If you’re familiar with Angular 1.x, you’ve probably at least stumbled across Ionic at one point or another. It’s an amazing framework that creates hybrid cross-platform apps out of Angular 1.x projects, adding custom directives specifically built for touch-screen UI.

With Angular 2 in beta, it would only make sense that those of us who have become accustomed to tools like Ionic start to wonder when they’ll be ready for work with Angular 2. Fortunately, Ionic 2 is in active development as well, meaning we can start developing with it right now, and get an idea of what’s going to be available once it hits primetime.

Installing Ionic 2 Globally

You’ll overwrite your existing global installation of Ionic if you install v2; it shouldn’t be a problem, because as their docs point out, v2 is backwards compatible.

$ sudo npm install -g ionic@beta

Once it’s installed (about two or three minutes on a good connection), you can go ahead and start developing.

Ionic with Angular 2

Of course, why even bother if you’re not rocking out with the newest and latest sexy? So let’s take a walk through an app created specifically with Angular 2 in mind.

$ ionic start starterCake --ts --v2

The --ts flag will tell the Ionic installer that you want to build an app using TypeScript, while the --v2 flag specifies the Ionic 2 framework. As I said, it’s backwards compatible so you have to specify which version you’re setting up. Hopefully that becomes the default once v2 is released.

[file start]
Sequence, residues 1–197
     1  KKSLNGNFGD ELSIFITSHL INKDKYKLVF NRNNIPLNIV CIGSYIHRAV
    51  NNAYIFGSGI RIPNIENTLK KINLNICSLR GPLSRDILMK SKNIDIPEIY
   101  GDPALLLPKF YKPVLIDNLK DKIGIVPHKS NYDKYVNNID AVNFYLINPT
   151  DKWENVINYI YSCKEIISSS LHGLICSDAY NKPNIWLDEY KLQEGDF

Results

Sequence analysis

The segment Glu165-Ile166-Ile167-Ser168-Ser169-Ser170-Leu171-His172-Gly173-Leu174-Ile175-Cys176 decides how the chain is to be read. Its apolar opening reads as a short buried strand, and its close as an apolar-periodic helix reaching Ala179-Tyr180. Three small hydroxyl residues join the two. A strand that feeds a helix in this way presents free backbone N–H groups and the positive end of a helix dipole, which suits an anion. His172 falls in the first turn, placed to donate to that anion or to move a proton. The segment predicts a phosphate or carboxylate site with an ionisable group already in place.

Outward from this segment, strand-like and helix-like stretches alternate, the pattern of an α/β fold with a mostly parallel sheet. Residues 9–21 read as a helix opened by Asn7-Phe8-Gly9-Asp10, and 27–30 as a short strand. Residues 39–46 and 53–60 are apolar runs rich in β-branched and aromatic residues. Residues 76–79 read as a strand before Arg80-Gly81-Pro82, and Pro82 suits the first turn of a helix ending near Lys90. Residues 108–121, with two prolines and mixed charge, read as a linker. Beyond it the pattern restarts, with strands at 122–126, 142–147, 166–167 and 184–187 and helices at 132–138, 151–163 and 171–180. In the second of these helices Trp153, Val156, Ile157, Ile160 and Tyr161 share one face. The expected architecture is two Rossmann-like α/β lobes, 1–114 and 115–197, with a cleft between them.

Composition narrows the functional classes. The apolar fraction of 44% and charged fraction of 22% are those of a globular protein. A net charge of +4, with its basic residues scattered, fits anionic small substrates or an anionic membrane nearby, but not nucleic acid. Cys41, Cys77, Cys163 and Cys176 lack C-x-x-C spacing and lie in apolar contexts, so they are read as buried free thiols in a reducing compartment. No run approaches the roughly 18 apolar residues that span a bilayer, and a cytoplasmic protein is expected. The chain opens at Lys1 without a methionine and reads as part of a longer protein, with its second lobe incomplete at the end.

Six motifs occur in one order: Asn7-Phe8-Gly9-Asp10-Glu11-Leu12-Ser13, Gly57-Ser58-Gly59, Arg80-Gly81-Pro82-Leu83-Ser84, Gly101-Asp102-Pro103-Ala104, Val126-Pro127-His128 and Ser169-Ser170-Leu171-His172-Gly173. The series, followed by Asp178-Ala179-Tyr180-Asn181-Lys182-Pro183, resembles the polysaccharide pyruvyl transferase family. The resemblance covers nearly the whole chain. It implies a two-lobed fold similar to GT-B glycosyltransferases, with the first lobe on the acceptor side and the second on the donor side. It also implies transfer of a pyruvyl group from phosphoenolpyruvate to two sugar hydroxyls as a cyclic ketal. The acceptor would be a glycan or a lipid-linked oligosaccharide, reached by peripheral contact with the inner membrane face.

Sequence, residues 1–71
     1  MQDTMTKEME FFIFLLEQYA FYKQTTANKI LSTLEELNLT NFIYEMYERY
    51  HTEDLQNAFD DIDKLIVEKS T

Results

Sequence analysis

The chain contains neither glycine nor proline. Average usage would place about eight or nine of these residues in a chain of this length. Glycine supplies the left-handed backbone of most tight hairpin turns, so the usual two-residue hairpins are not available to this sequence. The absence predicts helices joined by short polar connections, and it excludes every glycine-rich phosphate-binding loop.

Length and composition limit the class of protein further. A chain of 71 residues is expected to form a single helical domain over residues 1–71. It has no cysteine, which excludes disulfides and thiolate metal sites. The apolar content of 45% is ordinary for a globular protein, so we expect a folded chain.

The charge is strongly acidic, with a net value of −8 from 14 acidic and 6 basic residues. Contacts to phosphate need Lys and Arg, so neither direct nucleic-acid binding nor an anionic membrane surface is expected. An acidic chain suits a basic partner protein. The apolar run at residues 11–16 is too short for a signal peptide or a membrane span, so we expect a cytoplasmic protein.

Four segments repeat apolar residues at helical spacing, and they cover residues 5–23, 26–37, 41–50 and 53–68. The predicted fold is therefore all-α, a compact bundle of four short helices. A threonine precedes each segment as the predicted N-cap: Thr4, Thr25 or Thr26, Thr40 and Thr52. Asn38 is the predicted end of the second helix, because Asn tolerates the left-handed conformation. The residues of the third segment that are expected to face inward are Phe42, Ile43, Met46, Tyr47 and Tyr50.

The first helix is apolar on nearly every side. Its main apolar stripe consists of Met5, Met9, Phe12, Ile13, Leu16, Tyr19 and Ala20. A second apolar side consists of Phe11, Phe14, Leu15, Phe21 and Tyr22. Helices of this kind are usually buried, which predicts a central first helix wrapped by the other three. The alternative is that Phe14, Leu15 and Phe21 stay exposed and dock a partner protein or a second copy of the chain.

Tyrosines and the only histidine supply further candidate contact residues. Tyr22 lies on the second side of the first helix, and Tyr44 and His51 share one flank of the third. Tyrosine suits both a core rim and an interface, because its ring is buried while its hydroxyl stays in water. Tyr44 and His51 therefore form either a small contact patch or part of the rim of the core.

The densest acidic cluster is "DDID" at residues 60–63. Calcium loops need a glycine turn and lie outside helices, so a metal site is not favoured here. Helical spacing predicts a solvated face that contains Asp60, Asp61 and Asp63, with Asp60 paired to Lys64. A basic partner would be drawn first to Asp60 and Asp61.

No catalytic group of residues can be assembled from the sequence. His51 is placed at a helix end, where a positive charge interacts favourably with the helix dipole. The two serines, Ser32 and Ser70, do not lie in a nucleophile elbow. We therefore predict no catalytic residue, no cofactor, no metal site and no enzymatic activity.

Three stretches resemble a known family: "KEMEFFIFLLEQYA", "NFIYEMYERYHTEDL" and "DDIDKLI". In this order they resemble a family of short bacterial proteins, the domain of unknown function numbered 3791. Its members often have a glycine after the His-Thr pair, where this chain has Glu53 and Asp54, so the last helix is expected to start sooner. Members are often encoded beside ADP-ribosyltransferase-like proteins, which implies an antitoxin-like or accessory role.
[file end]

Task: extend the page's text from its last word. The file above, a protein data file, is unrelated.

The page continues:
Taking a tour

Once the scaffolding of your project is complete, you’ll have a nice folder structure that looks very much like the Ionic v1 scaffold. We can get up and running quickly with the same basic command that we would have used previously:

$ ionic serve

That’ll push out a build, and run it in the default browser. Not a bad zero-to-browser clock time.

The base app

The meat of our project lives in the /app folder. That’s where all of our application logic will live: Angular modules, styles, etc. The starter template comes with a few modules built out for us, from which we can gleen some insight.

First and foremost, the base module lives in /app/app.ts, which should be expected. It pulls in the App and Platform modules from the Ionic framework, which bootstrap and expose data to the application, respectively. As a master module should do, it also pulls in the other three modules:

import {App, Platform} from 'ionic-framework/ionic';
import {Page1} from './pages/page1/page1';
import {Page2} from './pages/page2/page2';
import {Page3} from './pages/page3/page3';

Next is the App decorator that simply lists the template URL for the app, which will be injected into the /www/index.html file. Notice that it points to the compiled version.

    templateUrl: 'build/app.html'

If we open up the /app/app.html (or the compiled version, because they’re the same), you’ll see some of the properties declared in the class constructor being used in the navigation tab directives – specifically the tab root directive.

  <ion-tab [root]="tab1Root" tabTitle="Tab 1" tabIcon="pulse"></ion-tab>
  <ion-tab [root]="tab2Root" tabTitle="Tab 2" tabIcon="chatbubbles"></ion-tab>
  <ion-tab [root]="tab3Root" tabTitle="Tab 3" tabIcon="cog"></ion-tab>